Studying diseases in dogs could lead to faster cures for them and us | Drug-carrying immune cells extend progression-free survival in glioblastoma | Vaccine reduces bad cholesterol in mice, paving way for human trials
June 21, 2017
FBR Smartbrief
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Studying diseases in dogs could lead to faster cures for them and us
Studying diseases in dogs could lead to faster cures for them and us
Dogs develop cancers that are remarkably similar to human cancers; are susceptible to arthritis, diabetes, obesity and other conditions; have a similar microbiome as people and share the same living space, writes scientist Bernard Munos. He suggests starting canine research initiatives similar to the NIH's All of Us study, and organizations and academic universities are beginning to do just that.
Forbes (6/19) 
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Research Breakthroughs
Drug-carrying immune cells extend progression-free survival in glioblastoma
Researchers in China say they killed residual glioblastoma cells in mice by injecting neutrophils containing lipid-encased paclitaxel into the animals' bloodstreams after tumor excision. The researchers reported in Nature Nanotechnology that the treated mice lived significantly longer than untreated mice, but the treatment did not prevent recurrence indefinitely.
The Scientist (free registration) (6/2017) 
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Vaccine reduces bad cholesterol in mice, paving way for human trials
Vaccine reduces bad cholesterol in mice, paving way for human trials
(Joe Raedle/Getty Images)
An experimental vaccine triggered the activity of immune system antibodies in mice that target the PCSK9 enzyme and reduced low-density lipoprotein levels as well as biomarkers of vascular inflammation, and human trials are underway. Several doses of the vaccine were administered, and the effects were long-lasting in mice, the researchers reported in the European Heart Journal.
HealthDay News (6/20),  BBC (6/20) 
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Autologous stem cell therapy for heart failure may do more harm than good
Researchers at Tel Aviv University in Israel found that autologous stem cell therapy is not only an ineffective way of treating heart failure in mice, but stem cells derived from damaged heart tissue could develop inflammatory properties that may worsen heart damage. The study, published in the journal Circulation, did find, however, that deleting the TLR4 gene, which causes the stem cells to develop inflammatory properties, could restore the stem cells back to a reparative state.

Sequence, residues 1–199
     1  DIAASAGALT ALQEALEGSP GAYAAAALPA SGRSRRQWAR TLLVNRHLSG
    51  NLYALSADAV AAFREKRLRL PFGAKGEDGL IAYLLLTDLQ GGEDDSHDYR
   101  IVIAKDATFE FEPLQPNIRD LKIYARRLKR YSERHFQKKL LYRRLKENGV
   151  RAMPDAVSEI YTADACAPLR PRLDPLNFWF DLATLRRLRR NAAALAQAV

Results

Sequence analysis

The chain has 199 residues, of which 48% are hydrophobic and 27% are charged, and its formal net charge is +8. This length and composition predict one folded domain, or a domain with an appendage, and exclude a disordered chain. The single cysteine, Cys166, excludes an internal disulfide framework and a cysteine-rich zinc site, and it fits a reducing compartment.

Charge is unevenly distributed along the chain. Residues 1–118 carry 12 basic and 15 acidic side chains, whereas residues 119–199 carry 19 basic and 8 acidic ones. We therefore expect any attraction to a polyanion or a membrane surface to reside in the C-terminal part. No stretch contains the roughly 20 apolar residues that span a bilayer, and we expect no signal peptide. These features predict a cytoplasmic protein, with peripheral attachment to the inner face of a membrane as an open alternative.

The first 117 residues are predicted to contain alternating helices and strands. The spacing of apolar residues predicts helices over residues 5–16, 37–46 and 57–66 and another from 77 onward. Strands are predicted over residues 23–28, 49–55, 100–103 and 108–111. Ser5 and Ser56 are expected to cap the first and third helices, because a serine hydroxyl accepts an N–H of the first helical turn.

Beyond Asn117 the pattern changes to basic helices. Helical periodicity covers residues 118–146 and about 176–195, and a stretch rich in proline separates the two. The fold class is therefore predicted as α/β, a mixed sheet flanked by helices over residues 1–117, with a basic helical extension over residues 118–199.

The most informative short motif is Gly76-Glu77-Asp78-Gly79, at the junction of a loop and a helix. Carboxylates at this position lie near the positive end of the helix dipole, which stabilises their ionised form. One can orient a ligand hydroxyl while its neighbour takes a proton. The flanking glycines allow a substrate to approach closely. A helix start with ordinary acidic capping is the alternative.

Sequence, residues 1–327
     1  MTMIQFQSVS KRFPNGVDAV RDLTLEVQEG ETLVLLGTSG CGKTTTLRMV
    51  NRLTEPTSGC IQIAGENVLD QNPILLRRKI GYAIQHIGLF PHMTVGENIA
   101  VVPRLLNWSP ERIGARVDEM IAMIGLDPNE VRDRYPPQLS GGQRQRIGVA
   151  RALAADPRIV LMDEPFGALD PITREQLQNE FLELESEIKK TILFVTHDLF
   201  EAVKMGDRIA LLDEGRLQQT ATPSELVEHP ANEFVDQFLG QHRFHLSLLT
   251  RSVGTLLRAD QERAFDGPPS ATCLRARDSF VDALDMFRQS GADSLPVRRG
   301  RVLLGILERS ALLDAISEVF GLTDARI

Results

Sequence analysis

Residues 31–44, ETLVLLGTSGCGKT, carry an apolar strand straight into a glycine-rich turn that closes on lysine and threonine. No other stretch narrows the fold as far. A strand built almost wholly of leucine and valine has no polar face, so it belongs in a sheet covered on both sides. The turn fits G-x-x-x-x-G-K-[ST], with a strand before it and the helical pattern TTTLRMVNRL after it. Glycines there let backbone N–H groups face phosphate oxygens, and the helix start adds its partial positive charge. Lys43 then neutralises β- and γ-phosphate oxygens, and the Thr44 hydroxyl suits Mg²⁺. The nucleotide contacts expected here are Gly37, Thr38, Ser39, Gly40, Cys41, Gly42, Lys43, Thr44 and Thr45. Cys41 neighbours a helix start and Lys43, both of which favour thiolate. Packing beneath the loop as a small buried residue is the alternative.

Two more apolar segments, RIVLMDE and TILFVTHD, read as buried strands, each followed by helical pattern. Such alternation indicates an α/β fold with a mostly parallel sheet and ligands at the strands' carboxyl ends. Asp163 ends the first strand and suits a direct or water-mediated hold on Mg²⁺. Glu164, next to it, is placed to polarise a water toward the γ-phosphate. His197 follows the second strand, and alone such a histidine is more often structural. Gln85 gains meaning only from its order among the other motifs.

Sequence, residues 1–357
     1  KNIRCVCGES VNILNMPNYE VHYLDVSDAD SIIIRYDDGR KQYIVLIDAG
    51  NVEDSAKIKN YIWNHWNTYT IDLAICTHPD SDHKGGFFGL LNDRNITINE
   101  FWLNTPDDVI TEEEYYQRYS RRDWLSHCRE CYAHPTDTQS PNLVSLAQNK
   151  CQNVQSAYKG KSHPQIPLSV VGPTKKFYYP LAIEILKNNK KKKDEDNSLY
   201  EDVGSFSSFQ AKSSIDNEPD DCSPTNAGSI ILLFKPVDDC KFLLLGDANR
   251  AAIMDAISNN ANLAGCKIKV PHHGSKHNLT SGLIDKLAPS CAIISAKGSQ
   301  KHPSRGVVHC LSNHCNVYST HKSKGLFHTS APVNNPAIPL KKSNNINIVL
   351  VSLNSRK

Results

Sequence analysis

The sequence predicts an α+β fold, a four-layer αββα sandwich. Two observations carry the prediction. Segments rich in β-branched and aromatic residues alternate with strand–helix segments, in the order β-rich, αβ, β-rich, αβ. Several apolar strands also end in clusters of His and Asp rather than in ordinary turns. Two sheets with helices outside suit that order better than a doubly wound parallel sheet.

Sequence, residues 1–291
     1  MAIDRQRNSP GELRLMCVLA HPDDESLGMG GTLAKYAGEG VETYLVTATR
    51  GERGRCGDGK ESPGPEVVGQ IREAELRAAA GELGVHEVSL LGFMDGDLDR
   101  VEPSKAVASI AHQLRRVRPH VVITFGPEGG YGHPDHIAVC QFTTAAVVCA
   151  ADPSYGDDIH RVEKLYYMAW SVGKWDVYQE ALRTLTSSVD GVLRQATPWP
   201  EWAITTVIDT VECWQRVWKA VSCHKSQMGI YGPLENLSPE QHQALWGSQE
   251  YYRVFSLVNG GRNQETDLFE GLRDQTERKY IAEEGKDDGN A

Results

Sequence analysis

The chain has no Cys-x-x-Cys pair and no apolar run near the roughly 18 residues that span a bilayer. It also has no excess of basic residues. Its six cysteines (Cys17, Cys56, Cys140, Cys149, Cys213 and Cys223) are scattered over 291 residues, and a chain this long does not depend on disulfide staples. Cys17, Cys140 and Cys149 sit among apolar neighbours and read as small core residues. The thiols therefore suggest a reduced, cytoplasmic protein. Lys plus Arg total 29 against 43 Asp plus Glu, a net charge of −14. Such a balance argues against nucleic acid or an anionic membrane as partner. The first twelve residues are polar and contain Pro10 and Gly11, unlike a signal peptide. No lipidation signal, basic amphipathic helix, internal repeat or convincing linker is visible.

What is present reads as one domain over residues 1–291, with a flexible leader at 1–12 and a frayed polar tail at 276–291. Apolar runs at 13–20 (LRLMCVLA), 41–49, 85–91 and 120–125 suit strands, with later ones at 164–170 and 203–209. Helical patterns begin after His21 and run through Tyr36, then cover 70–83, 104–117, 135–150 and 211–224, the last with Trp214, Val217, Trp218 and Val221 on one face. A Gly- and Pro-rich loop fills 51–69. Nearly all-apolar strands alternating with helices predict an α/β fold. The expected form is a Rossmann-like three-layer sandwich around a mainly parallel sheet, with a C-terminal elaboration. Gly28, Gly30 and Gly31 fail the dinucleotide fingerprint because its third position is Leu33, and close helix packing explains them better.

Medical News Today (6/16) 
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Researchers ID E. coli strains that extend C. elegans longevity
Twenty-nine strains of Escherichia coli bacteria extended the life span of Caenorhabditis elegans, 12 strains also appeared to protect the roundworms against cancer and beta amyloid buildup, associated with neurodegenerative disease, and one overproduced colanic acid, which also extended the worms' longevity on its own. Meng Wang, who led the study published in Cell, suggests that as bacteria form biofilms and release colanic acid, mitochondria may respond by releasing reactive oxygen species that activate an anti-aging response.
Cosmos Online (6/16) 
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Animal Health
Lepto incidence rises in Ariz.
Veterinarians have diagnosed 70 dogs in Maricopa County, Ariz., with leptospirosis, a zoonotic disease that can be passed to humans from dogs, and the number of cases is believed to be increasing. State veterinarian Peter Mundschenk said most of the cases were related to boarding and pet day care facilities, and reports have been concentrated around Scottsdale and Phoenix, with a new cluster in Tucson.
Ahwatukee Foothills News (Phoenix) (6/17) 
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Other News
FBR in the News
Animal research helps animals, too
Animal research helps animals, too
(Christopher Furlong/Getty Images)
As president of FBR, Matthew Bailey's mission is to educate lawmakers and the public about the vital importance of animal research and to dispel myths about how research animals are treated. "Currently, there appears to be a concerted effort to vilify the humane use of dogs in research; unfortunately, the public does not fully understand that many of the drugs available to them were developed with the help of dogs in research," Bailey said. "We also often forget that animal research helps animals, too."
Research Features (UK) (6/19) 
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Policy News
Preprint licensing divides researchers
Some researchers allow papers posted online before peer review to be freely redistributed and reused, and others set licensing terms that limit reuse and redistribution, which also limits the public good of posting preprints, says ASAPBio director Jessica Polka. ASAPBio has set up a task force that includes researchers, legal experts, funding agency officials and publishers to explore attitudes about preprint licensing.
Nature (free content) (6/16) 
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The Foundation for Biomedical Research (FBR) is the nation’s oldest and largest non-profit dedicated to improving human and animal health by promoting public understanding and support for biomedical research. Our mission is to educate people about the essential role animal research plays in the quest for medical advancements, treatments and cures for both people and animals.
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